If you see someone with a pet monkey, it's easy to think how cute they are and that maybe you'd like one as a pet. But the reality of having a primate as an exotic pet may not be so beguiling. Keeping one can be quite challenging, and it can require decades of constant care, from making special foods to changing diapers.
What's Not So Great About a Pet Monkey
What to Consider Before Adopting or Buying a Pet Monkey
If you are considering getting a pet monkey, you must remember a few things. They are expensive, can be dangerous, live a long time, require a huge amount of your daily time, need a lot of space, and are not cuddly. Yes, some monkeys live out their lives without causing harm to a human and can be properly cared for as pets. Many handicapped individuals even rely on primates to do daily tasks. But a pet primate that has to stay in a cage, is fed an improper diet, or has little to no daily enrichment or activity can become lonely, depressed, or aggressive.
Primates, some of which can be referred to as monkeys, are highly intelligent creatures. Anything that is as smart as a human child and stronger than a grown man needs extraordinary care, or it should be left in the wild. Anyone who keeps a pet monkey must be practical and prepared. Primates do not make good pets, and larger ones like chimpanzees should not be kept in captivity.
Monkeys That Are Kept as Pets
Monkeys vary in their size and the type of environment you must provide. These are the most common types kept as pets.
The capuchin is a primate that is often seen in movies and television. It is famous for its small size and mischievous nature. They are highly intelligent, territorial and will live up to 40 years in captivity. That's 40 years of diapers, in case you didn't realize they don't learn to use the toilet.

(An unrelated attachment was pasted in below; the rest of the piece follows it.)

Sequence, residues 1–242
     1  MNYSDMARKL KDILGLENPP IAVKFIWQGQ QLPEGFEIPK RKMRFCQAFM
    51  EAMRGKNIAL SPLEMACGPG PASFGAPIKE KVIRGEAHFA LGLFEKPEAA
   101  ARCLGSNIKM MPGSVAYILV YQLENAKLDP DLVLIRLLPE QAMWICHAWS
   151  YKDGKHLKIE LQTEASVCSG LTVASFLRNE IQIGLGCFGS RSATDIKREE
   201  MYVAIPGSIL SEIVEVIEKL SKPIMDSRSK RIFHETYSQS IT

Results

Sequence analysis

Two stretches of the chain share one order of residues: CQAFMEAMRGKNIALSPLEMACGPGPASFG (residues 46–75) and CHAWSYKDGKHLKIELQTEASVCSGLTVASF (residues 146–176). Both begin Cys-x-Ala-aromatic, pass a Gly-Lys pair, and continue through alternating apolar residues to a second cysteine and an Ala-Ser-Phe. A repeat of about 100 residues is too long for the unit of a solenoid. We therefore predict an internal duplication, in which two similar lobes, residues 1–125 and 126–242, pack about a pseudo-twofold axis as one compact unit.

The chimpanzee is the largest primate typically found as a pet. It isn't actually a monkey, but rather is an ape. Chimps are also often seen in movies and on television. Reports of chimps attacking their owners and other people, even killing them, are common. Chimpanzees are large and strong, and males especially can be very aggressive. They can live for 60 years and more. These are not household pets.
Macaques are smaller primates that can live up to 30 years, needing diaper changes all that time. They need large, secure cages so they don't get lost in your house or run outside and climb up electric poles, which is often the outcome. Even though these are smaller primates, they still require extremely large enclosures, at least 30 square feet. Even some zoos don't provide primates with the appropriate amount of space.
Tamarins are tiny primates that weigh less than a pound but will live about 15 years in captivity. They can still deliver a nasty bite despite their small mouths and need very secure cages with tiny bar spacing; if not, they will escape or get stuck in the bars.
These are very acrobatic monkeys. They live up to 25 years, use their tails to hang on branches, and need a lot of space (as does any primate). They will also wear diapers for their entire life and eat a variety of foods.
Similar to the tamarins in size and housing requirements, marmosets are teeny-tiny primates. They are quick and not suited to handling since they don't sit still in your lap.
These are little primates that weigh in at about 10 pounds and live about 25 years in captivity. Guenons, like all primates, are very high maintenance. There are almost two dozen species of guenons, with the green monkey, vervet, and grivet being possibly the most popular in captivity. They thrive in large groups, therefore one by itself is not suited to live in a house of humans.